Nimbus: a Ruby gem to implement Random Forest algorithms in a genomic selection context


Nimbus is a Ruby gem implementing Random Forest in a genomic selection context, meaning every input file is expected to contain genotype and/or phenotype data from a sample of individuals. Other than the ids of the individuals, Nimbus handle the data as genotype values for single-nucleotide polymorphisms (SNPs), so the variables in the classifier must have values of 0, 1 or 2, corresponding with SNPs classes of AA, AB and BB.

Nimbus provides a novel dataframe of random forest under ruby, and implements a modified algorithm that can separate all genotypes for a single marker, which can accommodate both additivity and dominance. Further, it allows the user to specify a loss function and provide full information of the trees in a .yml file.

Nimbus can be used to:

  • Create a random forest using a training sample of individuals with phenotype data.

  • Use an existent random forest to get predictions for a testing sample.

Random Forest

The random forest algorithm is a classifier consisting in many random decision trees, it was first proposed as a massively non-parametric machine-learning algorithm by Leo Breiman (Breiman 2001). It is based on choosing random subsets of variables for each tree and using the most frequent, or the averaged tree output as the overall classification. Random forest makes use of bagging and randomization, constructing many decision trees (Kamiński, Jakubczyk, and Szufel 2017) on bootstrapped samples of a given data set. The prediction from the trees are averaged to make final predictions.

In machine learning terms, it is an ensemble classifier, so it uses multiple models to obtain better predictive performance than could be obtained from any of the constituent models.

The forest outputs the class that is the mean or the mode (in regression problems) or the majority class (in classification problems) of the node's output by individual trees.

The algorithm is robust to over-fitting and able to capture complex interaction structures in the data, which may alleviate the problems of analyzing genome-wide data.

Learning algorithm

Training: Each tree in the forest is constructed using the following algorithm:

  • Let the number of training cases be N, and the number of variables (SNPs) in the classifier be M.

  • The mtry number of input variables is told to the algorithm to be used in determining the decision at a node of the tree; m should be much less than M (usually 1/3), and the optimal value should be tuned for methods like grid search.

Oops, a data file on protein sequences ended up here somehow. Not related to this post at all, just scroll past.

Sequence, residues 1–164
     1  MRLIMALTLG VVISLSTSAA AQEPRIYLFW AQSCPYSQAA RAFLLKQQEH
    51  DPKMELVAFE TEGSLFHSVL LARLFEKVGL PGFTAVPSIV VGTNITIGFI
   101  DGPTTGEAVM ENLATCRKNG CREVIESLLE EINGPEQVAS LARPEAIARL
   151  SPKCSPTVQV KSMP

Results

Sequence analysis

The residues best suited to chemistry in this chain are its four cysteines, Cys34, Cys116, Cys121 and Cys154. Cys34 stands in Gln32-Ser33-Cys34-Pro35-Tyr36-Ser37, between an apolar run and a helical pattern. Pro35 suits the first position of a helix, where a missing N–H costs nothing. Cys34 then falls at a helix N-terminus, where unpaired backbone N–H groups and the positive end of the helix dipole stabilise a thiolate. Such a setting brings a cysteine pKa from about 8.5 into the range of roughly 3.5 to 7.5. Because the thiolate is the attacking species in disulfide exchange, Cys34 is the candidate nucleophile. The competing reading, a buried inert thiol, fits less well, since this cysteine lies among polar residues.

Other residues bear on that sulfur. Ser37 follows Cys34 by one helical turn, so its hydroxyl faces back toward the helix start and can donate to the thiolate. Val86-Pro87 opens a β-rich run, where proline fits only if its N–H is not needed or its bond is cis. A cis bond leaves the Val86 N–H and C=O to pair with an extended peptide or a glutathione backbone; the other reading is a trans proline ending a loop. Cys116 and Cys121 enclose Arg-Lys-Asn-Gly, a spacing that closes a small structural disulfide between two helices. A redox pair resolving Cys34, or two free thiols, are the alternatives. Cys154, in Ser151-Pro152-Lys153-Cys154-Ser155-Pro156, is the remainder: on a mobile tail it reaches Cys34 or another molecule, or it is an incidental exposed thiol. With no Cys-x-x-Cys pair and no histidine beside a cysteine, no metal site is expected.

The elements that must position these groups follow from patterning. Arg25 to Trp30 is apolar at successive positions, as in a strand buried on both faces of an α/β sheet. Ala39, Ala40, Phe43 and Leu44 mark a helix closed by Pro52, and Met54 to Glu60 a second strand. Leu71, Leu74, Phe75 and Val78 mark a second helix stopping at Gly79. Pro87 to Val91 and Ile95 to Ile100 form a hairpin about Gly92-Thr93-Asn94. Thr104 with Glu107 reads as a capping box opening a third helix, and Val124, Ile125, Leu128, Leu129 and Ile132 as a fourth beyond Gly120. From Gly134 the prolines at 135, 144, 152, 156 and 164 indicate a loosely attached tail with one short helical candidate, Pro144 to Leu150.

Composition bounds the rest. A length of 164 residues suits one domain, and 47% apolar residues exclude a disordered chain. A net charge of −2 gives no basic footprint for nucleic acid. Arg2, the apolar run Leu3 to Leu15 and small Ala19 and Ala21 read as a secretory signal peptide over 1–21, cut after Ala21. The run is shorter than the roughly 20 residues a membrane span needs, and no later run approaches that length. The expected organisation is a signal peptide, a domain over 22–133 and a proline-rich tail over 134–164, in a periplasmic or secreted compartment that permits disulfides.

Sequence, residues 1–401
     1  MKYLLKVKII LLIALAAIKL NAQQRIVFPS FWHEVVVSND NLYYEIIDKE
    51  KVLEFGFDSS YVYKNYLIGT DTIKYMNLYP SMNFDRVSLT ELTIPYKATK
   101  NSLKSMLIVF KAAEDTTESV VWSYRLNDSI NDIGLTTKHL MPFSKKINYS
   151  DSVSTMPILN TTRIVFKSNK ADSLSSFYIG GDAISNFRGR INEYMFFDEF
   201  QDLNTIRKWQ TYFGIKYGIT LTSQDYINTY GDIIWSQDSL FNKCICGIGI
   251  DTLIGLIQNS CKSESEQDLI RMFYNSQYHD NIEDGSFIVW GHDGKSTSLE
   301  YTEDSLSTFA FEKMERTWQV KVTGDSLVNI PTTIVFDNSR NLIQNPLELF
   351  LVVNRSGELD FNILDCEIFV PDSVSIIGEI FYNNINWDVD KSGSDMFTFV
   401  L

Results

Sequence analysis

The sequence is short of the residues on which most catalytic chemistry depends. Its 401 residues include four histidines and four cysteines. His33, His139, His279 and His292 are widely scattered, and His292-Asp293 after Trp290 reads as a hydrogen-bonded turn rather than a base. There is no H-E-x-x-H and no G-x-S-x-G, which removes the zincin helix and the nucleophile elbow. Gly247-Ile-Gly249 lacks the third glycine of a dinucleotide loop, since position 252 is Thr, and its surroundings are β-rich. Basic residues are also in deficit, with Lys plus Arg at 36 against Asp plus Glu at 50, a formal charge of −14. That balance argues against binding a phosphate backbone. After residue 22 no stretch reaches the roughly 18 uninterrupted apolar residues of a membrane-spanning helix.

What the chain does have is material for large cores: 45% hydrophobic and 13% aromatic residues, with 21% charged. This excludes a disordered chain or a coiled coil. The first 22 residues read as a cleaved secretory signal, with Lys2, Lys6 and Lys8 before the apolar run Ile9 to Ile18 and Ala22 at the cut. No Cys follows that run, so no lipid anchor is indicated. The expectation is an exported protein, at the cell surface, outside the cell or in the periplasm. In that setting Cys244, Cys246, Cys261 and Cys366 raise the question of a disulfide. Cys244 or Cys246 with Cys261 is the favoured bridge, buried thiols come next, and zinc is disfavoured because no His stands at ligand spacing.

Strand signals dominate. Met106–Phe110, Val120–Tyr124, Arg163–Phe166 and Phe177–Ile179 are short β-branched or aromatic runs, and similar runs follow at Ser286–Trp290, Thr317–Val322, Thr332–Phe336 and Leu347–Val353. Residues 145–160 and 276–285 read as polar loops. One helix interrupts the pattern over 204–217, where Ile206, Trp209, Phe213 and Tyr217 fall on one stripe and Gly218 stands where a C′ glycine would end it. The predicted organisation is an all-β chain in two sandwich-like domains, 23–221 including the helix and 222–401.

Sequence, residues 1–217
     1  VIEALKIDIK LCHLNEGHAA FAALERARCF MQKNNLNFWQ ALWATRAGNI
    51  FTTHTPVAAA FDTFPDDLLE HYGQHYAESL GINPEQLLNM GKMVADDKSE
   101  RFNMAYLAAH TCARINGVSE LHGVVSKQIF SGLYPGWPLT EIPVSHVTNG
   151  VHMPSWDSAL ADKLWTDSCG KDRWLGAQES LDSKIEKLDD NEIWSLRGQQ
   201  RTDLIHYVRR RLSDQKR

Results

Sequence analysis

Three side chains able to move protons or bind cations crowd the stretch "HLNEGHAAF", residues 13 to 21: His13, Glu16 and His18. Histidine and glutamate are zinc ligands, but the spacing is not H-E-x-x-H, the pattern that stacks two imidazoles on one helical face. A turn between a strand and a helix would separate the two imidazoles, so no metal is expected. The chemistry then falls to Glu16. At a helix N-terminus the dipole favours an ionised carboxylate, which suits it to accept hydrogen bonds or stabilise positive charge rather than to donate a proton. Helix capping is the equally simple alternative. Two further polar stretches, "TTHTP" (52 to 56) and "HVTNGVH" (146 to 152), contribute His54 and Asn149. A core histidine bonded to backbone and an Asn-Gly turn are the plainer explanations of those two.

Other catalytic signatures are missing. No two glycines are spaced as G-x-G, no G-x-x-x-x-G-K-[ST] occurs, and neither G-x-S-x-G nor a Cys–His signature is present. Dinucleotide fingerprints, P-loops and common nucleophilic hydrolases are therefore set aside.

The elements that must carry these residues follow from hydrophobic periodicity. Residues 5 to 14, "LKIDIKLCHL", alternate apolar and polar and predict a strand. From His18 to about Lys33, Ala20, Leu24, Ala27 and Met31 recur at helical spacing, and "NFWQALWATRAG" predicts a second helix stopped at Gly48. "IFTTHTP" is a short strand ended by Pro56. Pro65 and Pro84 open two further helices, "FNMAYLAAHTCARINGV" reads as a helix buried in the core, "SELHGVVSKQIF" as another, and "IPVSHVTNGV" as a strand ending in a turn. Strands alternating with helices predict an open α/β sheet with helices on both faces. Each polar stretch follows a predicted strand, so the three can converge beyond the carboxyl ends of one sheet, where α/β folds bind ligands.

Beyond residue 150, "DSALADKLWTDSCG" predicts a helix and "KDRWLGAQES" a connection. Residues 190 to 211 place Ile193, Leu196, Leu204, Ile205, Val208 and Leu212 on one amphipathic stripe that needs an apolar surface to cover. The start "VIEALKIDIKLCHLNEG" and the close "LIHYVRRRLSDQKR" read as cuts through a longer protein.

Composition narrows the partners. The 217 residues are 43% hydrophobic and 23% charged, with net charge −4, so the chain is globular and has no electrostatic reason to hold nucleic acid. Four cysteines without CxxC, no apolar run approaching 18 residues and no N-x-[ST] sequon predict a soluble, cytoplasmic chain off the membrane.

• Choose a training set for this tree by drawing n samples with replacement from all N available training cases (i.e. bootstrap sampling). The rest of the cases (Out Of Bag sample) will be used to estimate the error of the tree at predicting the classes of this out of Bag samples.

  • For each node of the tree, randomly choose m SNPs on which to base the decision at that node. Calculate the best split based on these m SNPs in the training set.

  • Each tree is fully grown and not pruned (as may be done in constructing a normal tree classifier).

  • When in a node there is not any SNP split that minimizes the general loss function of the node, or the number of individuals in the node is less than the minimum node size then label the node with the average phenotype value of the individuals in the node.

Testing: An independent sample can be pushed down the tree to predict the most probable phenotype given the SNP genotypes. It is assigned the label of the training sample in the terminal node it ends up in. This procedure is iterated over all trees in the ensemble, and the average vote of all trees is reported as the random forest prediction.


Nimbus trains the algorithm based on an input file (learning sample) containing the phenotypes of the individuals and their respective list of genotype markers (i.e. SNPs). A random forest is created and stored in a .yml file for future use.

Nimbus can also be run to make prediction in a validation set or in a set of data containing yet to be observed response variable. In this case, the predictions can be obtained using the random forest created with a learning sample or using a previously stored random forest.

If a learning sample is provided, the gem will create a file with the variable importance of each feature (marker) in the data. The higher the importance is, the more relevant the marker is to correctly predict the response variable in new data.

Nimbus can be used for both classification or regression problems, and the user may provide different parameter values in a configuration file to tune the performance of the algorithm.

-Output predictions


Breiman, Leo. 2001. “Random Forest.” Machine Learning 45 (1). Springer Nature: 5–32. doi:10.1023/a:1010933404324.

Kamiński, Bogumił, Michał Jakubczyk, and Przemysław Szufel. 2017. “A Framework for Sensitivity Analysis of Decision Trees.” Central European Journal of Operations Research, May. Springer Nature. doi:10.1007/s10100-017-0479-6.